Later today or on monday – depending on the installers timetable – this household will retain the services of satellite television. I finally bucked under the pressure of family members wanting over-the-air television. I’m guessing a lot has happened on the hardware side since the last time I ventured down this path, and I wanted to find out more. My receipt from the cable company detailed the receiver box as “HD 2850 ST + PLC”, and I took this information to the internet to see what I could find out – and if the box could be made to do some fun things apart from the stuff it was SUPPOSED to do.
First stop: The website of our merchant, which has a page dedicated specifically to the box in question here (link in Norwegian). It doesn’t tell us much, but there are a few things though. It appears this entry-level box actually has pvr capabilities, if you connect some sort of external storage. It also supports a couple of online services, notably Canal Digital’s Go!, which is their on-demand video renting service, and the streaming music service WiMP. I doubt I will be using either much. Notably, the page also mentions it supports 3D, which is surprising. It also has support for the companys unified app remote system – but it’s iOS only, so of absolutely no use to me. It would also appear the box comes with a set of homeplug adapters, which is interesting. More info on those once the box appear. Clicking the link for more info on those however, revealed a further page with more technical details. Weird that they wouldn’t hotlink that from the page we visited earlier.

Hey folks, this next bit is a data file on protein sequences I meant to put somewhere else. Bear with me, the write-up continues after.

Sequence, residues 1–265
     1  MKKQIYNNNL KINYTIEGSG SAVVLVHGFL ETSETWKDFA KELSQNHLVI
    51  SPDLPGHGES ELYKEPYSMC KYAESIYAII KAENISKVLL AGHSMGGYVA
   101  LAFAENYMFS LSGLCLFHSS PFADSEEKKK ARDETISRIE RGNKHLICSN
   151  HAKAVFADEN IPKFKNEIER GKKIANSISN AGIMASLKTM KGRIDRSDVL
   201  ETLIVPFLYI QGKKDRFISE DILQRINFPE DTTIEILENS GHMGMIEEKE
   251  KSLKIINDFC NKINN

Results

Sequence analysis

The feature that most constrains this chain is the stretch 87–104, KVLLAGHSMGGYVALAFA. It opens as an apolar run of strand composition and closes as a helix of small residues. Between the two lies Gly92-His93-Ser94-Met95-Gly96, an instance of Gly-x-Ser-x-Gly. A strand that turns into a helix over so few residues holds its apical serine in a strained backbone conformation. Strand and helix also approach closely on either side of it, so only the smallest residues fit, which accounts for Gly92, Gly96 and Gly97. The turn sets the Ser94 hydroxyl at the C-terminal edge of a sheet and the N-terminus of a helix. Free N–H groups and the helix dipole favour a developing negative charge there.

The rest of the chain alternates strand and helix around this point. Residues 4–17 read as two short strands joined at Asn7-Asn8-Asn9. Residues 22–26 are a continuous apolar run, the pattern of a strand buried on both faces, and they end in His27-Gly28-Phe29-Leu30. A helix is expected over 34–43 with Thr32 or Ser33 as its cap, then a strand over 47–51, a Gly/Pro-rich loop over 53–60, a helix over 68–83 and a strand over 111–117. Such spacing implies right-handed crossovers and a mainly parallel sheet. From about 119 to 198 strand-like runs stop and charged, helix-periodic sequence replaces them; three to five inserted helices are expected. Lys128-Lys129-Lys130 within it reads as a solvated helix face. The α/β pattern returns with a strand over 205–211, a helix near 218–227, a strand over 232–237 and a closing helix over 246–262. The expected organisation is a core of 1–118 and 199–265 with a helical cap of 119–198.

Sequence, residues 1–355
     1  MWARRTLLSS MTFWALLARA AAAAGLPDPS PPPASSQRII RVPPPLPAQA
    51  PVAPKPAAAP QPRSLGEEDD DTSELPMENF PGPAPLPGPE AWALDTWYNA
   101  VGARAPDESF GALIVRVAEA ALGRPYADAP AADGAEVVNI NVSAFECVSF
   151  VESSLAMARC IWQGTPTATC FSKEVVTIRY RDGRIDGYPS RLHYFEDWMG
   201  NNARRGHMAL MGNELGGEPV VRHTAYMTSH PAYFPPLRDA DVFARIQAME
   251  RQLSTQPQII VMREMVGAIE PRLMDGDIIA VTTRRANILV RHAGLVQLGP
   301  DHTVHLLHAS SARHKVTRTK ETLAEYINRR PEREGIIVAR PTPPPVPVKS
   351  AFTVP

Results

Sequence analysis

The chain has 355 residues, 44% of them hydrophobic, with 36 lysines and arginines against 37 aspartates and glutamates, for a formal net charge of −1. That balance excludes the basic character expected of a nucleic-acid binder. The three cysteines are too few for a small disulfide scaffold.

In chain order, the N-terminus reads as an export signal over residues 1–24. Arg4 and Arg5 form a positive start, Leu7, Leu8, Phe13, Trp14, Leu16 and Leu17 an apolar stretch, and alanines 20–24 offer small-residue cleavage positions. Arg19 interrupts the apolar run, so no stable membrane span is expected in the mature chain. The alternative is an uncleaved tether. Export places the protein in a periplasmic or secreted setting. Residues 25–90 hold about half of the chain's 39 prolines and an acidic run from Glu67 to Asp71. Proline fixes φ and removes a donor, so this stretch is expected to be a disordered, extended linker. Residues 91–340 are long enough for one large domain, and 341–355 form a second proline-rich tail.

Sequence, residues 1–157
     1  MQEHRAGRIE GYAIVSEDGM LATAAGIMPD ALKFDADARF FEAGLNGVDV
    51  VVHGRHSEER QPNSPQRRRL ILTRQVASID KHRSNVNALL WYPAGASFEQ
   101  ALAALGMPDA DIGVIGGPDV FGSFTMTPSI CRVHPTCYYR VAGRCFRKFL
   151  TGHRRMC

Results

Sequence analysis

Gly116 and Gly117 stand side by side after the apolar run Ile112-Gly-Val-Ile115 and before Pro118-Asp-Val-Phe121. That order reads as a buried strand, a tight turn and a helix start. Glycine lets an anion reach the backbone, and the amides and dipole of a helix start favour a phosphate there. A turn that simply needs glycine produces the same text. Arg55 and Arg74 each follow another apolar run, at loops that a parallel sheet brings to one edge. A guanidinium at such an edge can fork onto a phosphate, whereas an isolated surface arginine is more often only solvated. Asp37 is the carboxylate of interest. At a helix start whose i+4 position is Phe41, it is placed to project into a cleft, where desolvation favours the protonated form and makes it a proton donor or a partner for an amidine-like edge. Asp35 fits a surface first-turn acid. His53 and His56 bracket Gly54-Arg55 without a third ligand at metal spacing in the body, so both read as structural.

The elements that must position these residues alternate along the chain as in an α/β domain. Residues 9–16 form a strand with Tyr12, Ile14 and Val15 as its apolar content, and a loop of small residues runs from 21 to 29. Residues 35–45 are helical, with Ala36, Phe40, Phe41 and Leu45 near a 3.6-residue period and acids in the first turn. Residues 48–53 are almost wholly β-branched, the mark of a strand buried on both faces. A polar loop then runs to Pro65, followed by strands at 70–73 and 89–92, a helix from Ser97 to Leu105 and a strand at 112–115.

This further links to a user manual PDF in Norwegian, which reveals fun stuff like the fact that the tuner in fact supports both DVB-S and DVB-T! It only has one card reader though, so unfortunately you’re limited to one service at a time. I am not knowledgeable enough about how DVB-T works in Norway, to know if there would be any benefit to me in trying that function – are there FTA channels that I would not receive in my normal satellite package? Further investigation required. The PDF further details the PVR functionality; with an USB of 16GB or 32GB, you get pause tv functionality and with larger drives/sticks PVR gets activated. The maximum is apparently 1TB, and larger drives will be limited to 1TB, regardless of actual capacity. According to the manual, the functionality formats the stick/drive in a non-Windows/OS X-readable format – which begs the question of what filesystem it uses. Let’s hope further investigation will reveal that – would be quite interesting if the disks could be mounted and read under Linux. :) Other than that, the manual contains very little in the way of interesting information except for the very last page – the CE information states that “Herved erklærer ADB S.A. at TNR-2850ST oppfyller” and so on – so we know the make and model of the receiver. Now, let’s see what we can find out with that information.